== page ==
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Screens for Mac Makes VNC Easy and Organized

I’m a big fan of Edovia’s Screen VNC client for the iPhone and iPad. Whilst I still use LogMeIn when I need to access my computer’s filesystem remotely and I enjoy the service’s social features and network-recognition capabilities (when combined with Hamachi), my basic VNC needs can be easily satisfied with Screens, which provides a very intuitive interface to set up new computers, connect to them, and use them. I don’t recall a single time I haven’t used Screens at least once a day in the past few months to quickly connect to my iMac while I’m on the couch, and fire up some Spotify through the room. For quick connections, Screens is a great app – it even works on 3G and remote Wi-Fi networks thanks to a companion desktop app that will make your Mac available outside your local network.

In my overview of the improved Screen Sharing app in OS X Lion, I detailed how Apple enhanced the system utility with new clipboard features, per-user login, and possibility of grabbing a screenshot of the connected machine. With Screens for Mac, released last week, Edovia offers an alternative to Apple’s default Screen Sharing app that doesn’t have new breakthrough functionalities, but dramatically improves the organization of your remote desktops, and gives you more control over what you’re connecting to.

As on iOS, Screens for Mac provides an interface to manage your computers. Whether you’re connecting to them via local network or remote Wi-Fi, Screens for Mac automatically recognizes computers that have screen sharing active in System Preferences, and will let you enter an optional Screens Connect name if these machines aren’t on your local network. Gone is the wooden background of the iOS version to leave room for a simpler dark texture that, however, still sits behind thumbnails of the computers you’ve configured with Screens. As on iOS, again, you can set various connection and privacy options to grab a screenshot on disconnect, specify the amount of colors for connection quality (hundreds, thousands, millions), and enable SSH Tunneling. From the main window of Screens for Mac, you can adjust the size of the thumbnails with a slider, switch to full-screen mode, and even duplicate a remote desktop (useful if you want to have multiple instance of the same computer with slightly different settings).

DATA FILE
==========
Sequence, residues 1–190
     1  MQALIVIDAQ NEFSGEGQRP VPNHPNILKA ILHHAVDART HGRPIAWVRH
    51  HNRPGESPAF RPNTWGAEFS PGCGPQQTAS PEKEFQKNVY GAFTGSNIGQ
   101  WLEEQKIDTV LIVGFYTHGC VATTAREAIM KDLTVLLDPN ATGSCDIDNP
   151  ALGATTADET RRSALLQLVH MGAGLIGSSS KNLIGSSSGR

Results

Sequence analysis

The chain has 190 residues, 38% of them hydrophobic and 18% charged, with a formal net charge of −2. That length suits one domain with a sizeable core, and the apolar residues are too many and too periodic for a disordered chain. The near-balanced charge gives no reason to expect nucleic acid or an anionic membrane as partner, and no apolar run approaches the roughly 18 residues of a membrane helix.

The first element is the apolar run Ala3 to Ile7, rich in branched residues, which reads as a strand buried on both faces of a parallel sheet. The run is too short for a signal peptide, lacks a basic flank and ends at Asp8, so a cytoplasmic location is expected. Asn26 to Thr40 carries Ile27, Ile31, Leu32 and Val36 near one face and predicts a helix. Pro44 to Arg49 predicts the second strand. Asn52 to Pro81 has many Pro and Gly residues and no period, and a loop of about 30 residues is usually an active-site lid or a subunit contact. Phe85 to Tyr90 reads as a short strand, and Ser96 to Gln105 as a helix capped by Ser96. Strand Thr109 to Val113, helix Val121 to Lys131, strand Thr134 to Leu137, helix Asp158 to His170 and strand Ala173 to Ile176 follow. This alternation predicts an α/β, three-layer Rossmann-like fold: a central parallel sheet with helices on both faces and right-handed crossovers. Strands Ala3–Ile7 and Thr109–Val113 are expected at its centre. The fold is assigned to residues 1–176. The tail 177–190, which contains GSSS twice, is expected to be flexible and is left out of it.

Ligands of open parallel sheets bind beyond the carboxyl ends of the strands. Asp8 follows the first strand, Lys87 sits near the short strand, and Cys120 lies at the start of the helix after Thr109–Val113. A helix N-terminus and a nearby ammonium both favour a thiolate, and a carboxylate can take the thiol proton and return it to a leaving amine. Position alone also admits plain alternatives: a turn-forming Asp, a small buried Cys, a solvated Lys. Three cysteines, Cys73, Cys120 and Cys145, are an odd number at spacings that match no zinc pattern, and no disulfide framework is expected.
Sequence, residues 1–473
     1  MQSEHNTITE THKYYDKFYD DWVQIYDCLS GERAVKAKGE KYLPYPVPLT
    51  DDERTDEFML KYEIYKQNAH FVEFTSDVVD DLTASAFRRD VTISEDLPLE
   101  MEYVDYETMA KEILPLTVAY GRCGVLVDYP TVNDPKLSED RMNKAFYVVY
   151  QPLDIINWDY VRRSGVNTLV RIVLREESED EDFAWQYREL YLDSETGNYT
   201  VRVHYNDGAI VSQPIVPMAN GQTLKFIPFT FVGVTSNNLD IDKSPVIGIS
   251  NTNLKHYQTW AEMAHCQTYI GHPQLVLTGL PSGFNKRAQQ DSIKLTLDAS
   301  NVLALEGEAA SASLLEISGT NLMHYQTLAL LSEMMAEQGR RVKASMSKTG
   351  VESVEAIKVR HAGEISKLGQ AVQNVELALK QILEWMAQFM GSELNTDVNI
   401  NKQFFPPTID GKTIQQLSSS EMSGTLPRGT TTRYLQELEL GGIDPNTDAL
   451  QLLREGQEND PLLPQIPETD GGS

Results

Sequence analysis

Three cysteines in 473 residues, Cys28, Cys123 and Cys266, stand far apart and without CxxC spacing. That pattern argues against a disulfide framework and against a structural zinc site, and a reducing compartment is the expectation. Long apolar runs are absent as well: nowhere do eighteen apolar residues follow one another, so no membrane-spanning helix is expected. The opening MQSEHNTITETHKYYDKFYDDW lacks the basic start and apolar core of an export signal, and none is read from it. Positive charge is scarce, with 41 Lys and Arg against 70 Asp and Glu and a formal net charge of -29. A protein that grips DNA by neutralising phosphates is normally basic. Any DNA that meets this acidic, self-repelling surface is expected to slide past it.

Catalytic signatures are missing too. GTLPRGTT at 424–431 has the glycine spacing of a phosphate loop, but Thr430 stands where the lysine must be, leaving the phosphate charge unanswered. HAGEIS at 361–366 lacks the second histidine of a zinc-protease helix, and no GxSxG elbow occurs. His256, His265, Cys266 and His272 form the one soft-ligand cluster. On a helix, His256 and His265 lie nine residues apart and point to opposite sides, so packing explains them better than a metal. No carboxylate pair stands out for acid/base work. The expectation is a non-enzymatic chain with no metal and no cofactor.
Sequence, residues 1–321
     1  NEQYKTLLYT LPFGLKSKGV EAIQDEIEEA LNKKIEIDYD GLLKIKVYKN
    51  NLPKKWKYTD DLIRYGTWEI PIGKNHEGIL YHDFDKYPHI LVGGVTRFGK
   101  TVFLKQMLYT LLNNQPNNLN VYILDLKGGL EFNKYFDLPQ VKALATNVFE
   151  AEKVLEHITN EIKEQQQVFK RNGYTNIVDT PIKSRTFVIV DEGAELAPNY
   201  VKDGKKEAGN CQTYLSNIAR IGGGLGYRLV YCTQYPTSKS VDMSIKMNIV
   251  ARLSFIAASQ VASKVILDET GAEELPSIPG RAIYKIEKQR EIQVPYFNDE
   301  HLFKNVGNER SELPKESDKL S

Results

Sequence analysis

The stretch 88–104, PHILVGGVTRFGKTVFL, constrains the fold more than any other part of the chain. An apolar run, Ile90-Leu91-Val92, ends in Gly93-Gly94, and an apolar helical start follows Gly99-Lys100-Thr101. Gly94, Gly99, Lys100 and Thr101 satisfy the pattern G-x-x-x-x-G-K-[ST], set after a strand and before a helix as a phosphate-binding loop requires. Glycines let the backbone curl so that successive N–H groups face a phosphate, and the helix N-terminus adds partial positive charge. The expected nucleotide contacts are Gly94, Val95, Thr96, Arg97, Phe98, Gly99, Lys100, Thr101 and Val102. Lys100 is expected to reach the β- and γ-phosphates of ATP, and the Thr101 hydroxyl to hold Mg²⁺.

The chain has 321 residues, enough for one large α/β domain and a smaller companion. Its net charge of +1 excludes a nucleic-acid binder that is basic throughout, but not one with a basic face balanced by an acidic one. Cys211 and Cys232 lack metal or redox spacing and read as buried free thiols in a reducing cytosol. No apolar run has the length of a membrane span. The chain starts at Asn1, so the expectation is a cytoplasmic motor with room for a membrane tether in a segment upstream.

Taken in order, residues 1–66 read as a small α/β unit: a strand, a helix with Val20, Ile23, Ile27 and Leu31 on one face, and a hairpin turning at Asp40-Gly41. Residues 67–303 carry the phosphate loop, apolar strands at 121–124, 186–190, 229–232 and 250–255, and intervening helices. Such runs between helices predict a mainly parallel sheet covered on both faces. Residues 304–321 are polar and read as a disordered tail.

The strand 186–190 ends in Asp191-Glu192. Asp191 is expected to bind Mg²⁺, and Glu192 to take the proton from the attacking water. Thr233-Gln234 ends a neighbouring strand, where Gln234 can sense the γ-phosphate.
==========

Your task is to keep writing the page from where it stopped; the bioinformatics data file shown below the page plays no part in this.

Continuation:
When connected to a computer, Screens for Mac pretty much works like Apple’s Screen Sharing app. You can hide and show a toolbar that contains buttons to take a screenshot and send the contents of the system clipboard; you can enter full-screen mode, scale the window to fit or work with the actual size of the computer’s screen; if you just want to watch, and not control a computer, Screens for Mac implements another of Lion’s new features, observe-only mode. In my tests, performances of Screens for Mac have been the same of Screen Sharing – great on my local network, not so good while on remote Wi-Fi. But it isn’t Edovia’s or Apple’s fault – my Internet connection over here is terrible.

Should you get Screens for Mac? At $19.99 on the App Store, it’s not your regular $0.99 purchase. However, if you work with lots of computers every day, you constantly VNC back and forth between them, and connecting to multiple OS X and Windows machines has become part of your job, you need Screens. Screens for Mac allows you to organize your remote desktops in a way that Apple’s Screen Sharing, aliases, or Finder bookmarks never will. The app works very well on Lion, it’s reliable and easy to use. Screens for Mac is a niche app, but it’s also a terrific enhancement to Apple’s Screen Sharing.

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